Pasteurized agave nectar and placebo were both perceived to be better by parents for the treatment of nighttime cough and also the resulting sleep difficulty in toddlers and infants than doing nothing at all, based on a study published in JAMA Pediatrics.
Cough is really a frequent overuse injury in children and one from the major causes they visit a health care professional. Little evidence props up utilization of over-the-counter medicine for acute cough. An alternative to treat cough is honey but children younger than 1 year are precluded from consuming honey because of concerns over infant botulism. Agave nectar has properties much like honey but is not related to botulism.
Researchers Ian M. Paul, M.D., M.Sc., of the Penn State College of drugs, Hershey, Penn., and colleagues compared treatment with agave nectar, placebo or no treatment whatsoever on nighttime cough and also the accompanying sleep disturbance inside a number of 119 children who have been randomized to one of the three treatment groups. The one-night study included children 2 to 47 months old who had nonspecific acute cough for seven days or less.
Study results indicate that agave nectar and placebo led to perceived symptom improvement by parents in contrast to no treatment, but agave nectar didn’t outperform placebo when a comparison was made between the two.
“Both physicians and fogeys want symptomatic relief for children with one of these common and annoying illnesses. The significant placebo effect found warrants consideration as health care providers and fogeys determine how better to manage the disruptive symptoms that exist in the setting of upper respiratory system infections among young kids. Placebo could offer some perceived benefit, although in a financial cost, while reducing inappropriate antibiotic prescribing,” the study concludes.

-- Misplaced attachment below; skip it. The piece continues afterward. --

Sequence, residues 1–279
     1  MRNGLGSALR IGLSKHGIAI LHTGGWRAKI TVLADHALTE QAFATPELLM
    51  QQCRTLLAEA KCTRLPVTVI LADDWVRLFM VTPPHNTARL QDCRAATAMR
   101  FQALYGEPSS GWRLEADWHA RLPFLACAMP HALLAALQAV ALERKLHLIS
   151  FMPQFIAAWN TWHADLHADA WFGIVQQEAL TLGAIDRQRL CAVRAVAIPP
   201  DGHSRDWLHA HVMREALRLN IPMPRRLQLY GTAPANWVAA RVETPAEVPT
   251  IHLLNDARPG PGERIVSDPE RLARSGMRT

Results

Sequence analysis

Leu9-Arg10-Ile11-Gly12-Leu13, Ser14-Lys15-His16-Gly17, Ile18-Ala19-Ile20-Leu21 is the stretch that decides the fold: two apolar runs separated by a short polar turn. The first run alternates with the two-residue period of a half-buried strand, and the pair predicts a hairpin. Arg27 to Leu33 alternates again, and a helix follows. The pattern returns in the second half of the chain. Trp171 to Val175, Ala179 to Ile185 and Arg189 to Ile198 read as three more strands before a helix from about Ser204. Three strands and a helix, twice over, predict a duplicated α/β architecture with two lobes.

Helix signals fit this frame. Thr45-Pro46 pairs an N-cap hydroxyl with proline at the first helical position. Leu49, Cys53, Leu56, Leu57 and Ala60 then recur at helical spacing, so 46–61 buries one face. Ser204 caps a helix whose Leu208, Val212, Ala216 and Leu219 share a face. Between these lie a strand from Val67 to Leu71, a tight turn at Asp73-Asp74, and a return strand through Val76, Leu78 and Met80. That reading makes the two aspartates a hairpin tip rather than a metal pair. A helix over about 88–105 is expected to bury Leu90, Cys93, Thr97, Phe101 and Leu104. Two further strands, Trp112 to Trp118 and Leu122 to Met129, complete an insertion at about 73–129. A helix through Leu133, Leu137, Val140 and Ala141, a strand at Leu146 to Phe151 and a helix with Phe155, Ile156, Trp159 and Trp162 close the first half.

In an associated editorial, James A. Taylor, M.D., and Douglas J. Opel, M.D., M.P.H., of the University of Washington, Seattle, write: “Even though the study intervention provided no more relief from cough symptoms than placebo, both treatments were statistically better than no treatment. The investigators contend these findings are suggestive of a placebo effect.”
“Rather, exactly what the investigators are observing within this study is really a placebo effect in the parents who assessed outcomes in study children using a cough symptom questionnaire,” they continue.
“As investigators such as Paul and colleagues continue to evaluate pharmacologic treatments, perhaps we should also conduct research made to identify other components of care (e.g., communication techniques and nonspecific treatments) that improve outcomes after appointments with clinicians by kids with cold symptoms, even if the improvement is simply caused by a placebo effect, as broadly characterized,” the authors conclude.